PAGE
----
is even the bridge between humankind and God. This is in fact the only way Muslims, Christians and Jews
can have peace among themselves. When Jesus forgave sin (Mark 2:10; Luke 7:48) as only God can do
(Isaiah 43:45; Mark 2:7; Qur’an 3:135) he also said, “Go in peace” (Luke 7:48-50). It is no coincidence
that at birth the Messiah was called “Jesus, because he will save his people from their sins” (Matthew
1:18). The Bible says, “We have peace with God through our Lord Jesus Christ” (Romans 5:1). It says,
“He [Christ] is our peace … destroyed the barrier, the dividing wall of hostility … thus making peace …
came and preached peace … “ (Ephesians 2:14-18).
This article was published in the Jan. 2005 issue of EMQ. Copyright 2005 by Evangelical Missions Quarterly. It is a
violation of US Copyright Law to reproduce this article, or any portion of it, in any form without the prior
written permission of Evangelical Missions Quarterly. This includes saving it in an electronic format.

We do not need to defame Islam and demean the Prophet of Islam as some evangelical leaders have done
post-September 11 and Muslims have reacted angrily. We need not create more cultural and social stumb
ling blocks than already exist before stumbling over the cross. To do so certainly goes against the biblical
injunction to “If it is possible … live at peace with everyone” (Romans 12:18) because this only stirs up
hatred, fosters more mistrust and suspicion, and hurts Muslim sentiments. This is what Christine Malouhi
meant when she gave her book about Muslim ministry, Waging Peace on Islam or what Fouad Accad was
attempting to do when he wrote the book, Building Bridges: Christianity and Islam.

And we can be people of peace even by our greeting to Muslims. Remember that when Jesus commanded
us to love our enemies and pray for them who persecute us, he went to say that our greeting could be one of
peace in the sense of blessing Muslims. Remember the greeting Jesus had in mind was “Shalom “
very similar to the Muslim greeting in Arabic of “Salaam Aleikum” (Peace to you). This is only a small
thing but it is faithfulness in that which is least.

In conclusion, we might end where we started that some Muslims have turned to hatred and violence today
because they perceive that Islam is under attack. The Qur’an says that sin is evil but the extinction of Islam
is a greater evil: “they ask thee concerning fighting … ‘Fighting therein is a grave offence; But grave is it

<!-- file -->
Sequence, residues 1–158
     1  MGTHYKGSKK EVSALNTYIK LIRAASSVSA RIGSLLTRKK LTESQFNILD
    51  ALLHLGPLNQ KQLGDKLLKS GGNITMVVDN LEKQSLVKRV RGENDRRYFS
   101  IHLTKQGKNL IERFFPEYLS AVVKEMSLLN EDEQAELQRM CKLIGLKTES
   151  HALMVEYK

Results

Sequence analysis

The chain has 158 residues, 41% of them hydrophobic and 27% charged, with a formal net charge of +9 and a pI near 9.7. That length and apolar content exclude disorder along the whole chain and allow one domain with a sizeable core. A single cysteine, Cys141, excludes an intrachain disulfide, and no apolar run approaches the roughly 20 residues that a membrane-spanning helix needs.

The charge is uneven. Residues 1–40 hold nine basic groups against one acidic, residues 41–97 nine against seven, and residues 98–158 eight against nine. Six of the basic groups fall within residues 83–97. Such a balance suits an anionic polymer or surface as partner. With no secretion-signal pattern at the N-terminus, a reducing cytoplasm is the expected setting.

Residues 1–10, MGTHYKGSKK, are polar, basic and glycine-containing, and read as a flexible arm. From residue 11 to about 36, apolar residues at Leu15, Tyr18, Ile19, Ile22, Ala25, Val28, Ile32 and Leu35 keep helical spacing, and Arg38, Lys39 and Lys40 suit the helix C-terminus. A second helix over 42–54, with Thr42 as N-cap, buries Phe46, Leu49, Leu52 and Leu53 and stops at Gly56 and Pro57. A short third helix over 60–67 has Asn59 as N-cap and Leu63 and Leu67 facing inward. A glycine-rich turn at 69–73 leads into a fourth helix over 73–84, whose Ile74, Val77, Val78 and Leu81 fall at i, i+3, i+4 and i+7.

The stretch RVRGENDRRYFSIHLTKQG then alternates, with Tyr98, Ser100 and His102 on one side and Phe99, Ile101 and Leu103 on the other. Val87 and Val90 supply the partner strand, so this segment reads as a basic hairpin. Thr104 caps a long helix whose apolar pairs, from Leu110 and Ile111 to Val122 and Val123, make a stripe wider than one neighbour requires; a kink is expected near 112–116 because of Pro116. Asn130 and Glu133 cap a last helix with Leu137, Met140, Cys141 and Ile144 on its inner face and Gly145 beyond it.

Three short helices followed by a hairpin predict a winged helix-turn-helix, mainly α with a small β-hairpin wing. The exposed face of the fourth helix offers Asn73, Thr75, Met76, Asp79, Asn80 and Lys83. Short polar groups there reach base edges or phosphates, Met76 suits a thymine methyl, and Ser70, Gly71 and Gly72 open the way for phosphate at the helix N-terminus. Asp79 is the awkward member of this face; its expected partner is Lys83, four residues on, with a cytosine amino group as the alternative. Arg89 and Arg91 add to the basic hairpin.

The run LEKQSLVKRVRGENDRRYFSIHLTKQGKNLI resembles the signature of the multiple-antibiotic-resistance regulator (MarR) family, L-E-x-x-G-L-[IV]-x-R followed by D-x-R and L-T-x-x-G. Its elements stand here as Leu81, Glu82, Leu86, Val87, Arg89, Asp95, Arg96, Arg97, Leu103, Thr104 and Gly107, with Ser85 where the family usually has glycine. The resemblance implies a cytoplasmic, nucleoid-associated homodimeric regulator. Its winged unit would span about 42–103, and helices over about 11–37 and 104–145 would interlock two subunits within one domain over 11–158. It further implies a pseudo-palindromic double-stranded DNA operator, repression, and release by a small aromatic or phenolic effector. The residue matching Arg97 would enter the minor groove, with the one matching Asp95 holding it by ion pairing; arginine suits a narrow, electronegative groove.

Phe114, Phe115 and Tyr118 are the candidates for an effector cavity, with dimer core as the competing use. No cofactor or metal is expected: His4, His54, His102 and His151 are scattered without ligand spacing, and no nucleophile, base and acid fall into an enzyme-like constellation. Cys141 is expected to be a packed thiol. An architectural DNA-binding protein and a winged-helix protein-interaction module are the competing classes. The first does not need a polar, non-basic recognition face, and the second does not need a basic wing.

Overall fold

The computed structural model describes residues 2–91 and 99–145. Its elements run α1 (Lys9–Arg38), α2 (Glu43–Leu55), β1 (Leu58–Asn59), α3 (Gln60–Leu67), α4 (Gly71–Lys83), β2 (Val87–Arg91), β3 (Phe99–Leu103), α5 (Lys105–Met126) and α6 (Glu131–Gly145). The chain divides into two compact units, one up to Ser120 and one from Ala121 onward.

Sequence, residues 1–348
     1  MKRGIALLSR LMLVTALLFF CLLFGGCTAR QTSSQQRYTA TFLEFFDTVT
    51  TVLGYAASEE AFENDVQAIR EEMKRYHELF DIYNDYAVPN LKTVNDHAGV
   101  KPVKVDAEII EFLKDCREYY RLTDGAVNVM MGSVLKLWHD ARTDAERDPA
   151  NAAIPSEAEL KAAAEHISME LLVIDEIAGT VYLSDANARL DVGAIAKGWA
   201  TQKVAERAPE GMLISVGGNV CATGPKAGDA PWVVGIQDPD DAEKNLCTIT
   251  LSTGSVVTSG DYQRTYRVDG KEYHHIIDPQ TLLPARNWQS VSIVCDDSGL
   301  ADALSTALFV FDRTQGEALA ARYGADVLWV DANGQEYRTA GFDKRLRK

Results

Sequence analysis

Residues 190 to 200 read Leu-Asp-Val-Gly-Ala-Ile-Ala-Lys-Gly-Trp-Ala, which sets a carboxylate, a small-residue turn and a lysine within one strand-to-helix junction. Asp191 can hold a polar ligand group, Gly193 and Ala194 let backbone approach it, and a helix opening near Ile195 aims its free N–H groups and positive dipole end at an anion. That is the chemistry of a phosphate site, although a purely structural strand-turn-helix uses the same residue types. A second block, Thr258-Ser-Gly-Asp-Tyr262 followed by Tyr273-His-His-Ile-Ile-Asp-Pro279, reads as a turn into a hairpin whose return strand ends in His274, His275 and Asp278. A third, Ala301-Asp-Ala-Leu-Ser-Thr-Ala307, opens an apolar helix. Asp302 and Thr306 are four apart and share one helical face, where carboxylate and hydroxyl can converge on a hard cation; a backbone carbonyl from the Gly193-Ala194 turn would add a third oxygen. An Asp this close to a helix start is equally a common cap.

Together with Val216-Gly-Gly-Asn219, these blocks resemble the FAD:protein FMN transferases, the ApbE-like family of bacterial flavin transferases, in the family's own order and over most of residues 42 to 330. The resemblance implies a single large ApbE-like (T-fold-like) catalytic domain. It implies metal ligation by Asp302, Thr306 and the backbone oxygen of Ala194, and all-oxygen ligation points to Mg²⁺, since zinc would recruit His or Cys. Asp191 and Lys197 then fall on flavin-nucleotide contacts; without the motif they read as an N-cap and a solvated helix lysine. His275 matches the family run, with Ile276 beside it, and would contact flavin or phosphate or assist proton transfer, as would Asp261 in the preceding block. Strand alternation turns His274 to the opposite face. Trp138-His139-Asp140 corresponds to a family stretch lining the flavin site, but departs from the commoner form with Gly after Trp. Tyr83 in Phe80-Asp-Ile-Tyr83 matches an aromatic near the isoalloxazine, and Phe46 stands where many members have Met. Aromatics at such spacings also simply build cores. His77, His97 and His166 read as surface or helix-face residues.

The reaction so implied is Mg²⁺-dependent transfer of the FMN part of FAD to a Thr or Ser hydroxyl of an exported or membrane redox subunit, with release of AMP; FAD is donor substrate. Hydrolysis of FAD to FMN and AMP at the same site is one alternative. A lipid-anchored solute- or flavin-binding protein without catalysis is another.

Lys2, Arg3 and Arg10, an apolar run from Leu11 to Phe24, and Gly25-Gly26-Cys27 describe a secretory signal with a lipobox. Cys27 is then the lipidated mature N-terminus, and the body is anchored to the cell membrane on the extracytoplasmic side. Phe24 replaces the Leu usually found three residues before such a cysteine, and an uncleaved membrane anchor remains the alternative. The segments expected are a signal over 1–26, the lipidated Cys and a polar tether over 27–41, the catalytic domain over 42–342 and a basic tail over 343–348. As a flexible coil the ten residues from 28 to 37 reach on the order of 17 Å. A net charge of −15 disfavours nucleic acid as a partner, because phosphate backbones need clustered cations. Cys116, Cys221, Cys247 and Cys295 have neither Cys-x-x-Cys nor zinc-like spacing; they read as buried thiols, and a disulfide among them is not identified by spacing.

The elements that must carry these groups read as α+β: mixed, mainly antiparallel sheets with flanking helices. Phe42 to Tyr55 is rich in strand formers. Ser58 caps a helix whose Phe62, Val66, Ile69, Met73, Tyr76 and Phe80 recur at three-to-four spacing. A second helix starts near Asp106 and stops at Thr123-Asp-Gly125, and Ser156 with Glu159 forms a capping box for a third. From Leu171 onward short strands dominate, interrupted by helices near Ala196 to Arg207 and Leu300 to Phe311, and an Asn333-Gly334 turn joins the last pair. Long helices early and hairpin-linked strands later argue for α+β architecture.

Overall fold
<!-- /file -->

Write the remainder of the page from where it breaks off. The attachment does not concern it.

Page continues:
… To prevent access to the path of Allah …” (Qur’an 2:217).

The question is, how shall we respond? Since Islam does not teach to love enemies, but to hate them,
Muslims are tempted to fight America. As Pascal put it: “Muhammad shows the way of human success;
Jesus of human defeat. Muhammad of religious certitude and total uniformity—result is religious
imperialism. So the best way we as Christians can respond is to look to the cross as the bridge to
reconciliation. It is there that “righteousness and peace kiss each other” (Psalm 85:11). Most Muslims are
true seekers after God as indicated by their prayer several times a day that God would lead them in a
straight path (Qur’an 1:6). So now is the time; it is the day of salvation for Muslims and so far in this
country we have the freedom to witness to Muslims and there is a window of opportunity to reach them.
We need a dose of evangelical activism and for this we need equipment and we need courage.


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This article was published in the Jan. 2005 issue of EMQ. Copyright 2005 by Evangelical Missions Quarterly. It is a
violation of US Copyright Law to reproduce this article, or any portion of it, in any form without the prior
written permission of Evangelical Missions Quarterly. This includes saving it in an electronic format.

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Warren Larson is the Director of the Zwemer Center and Associate Professor of Muslim Studies at
Columbia International University. He served as a missionary in Pakistan for 23 year and has written
extensively on Islam, including: Islamic Ideology and Fundamentalism in Pakistan: Climate for
Conversion to Christianity? He and his wife live in Columbia, South Carolina.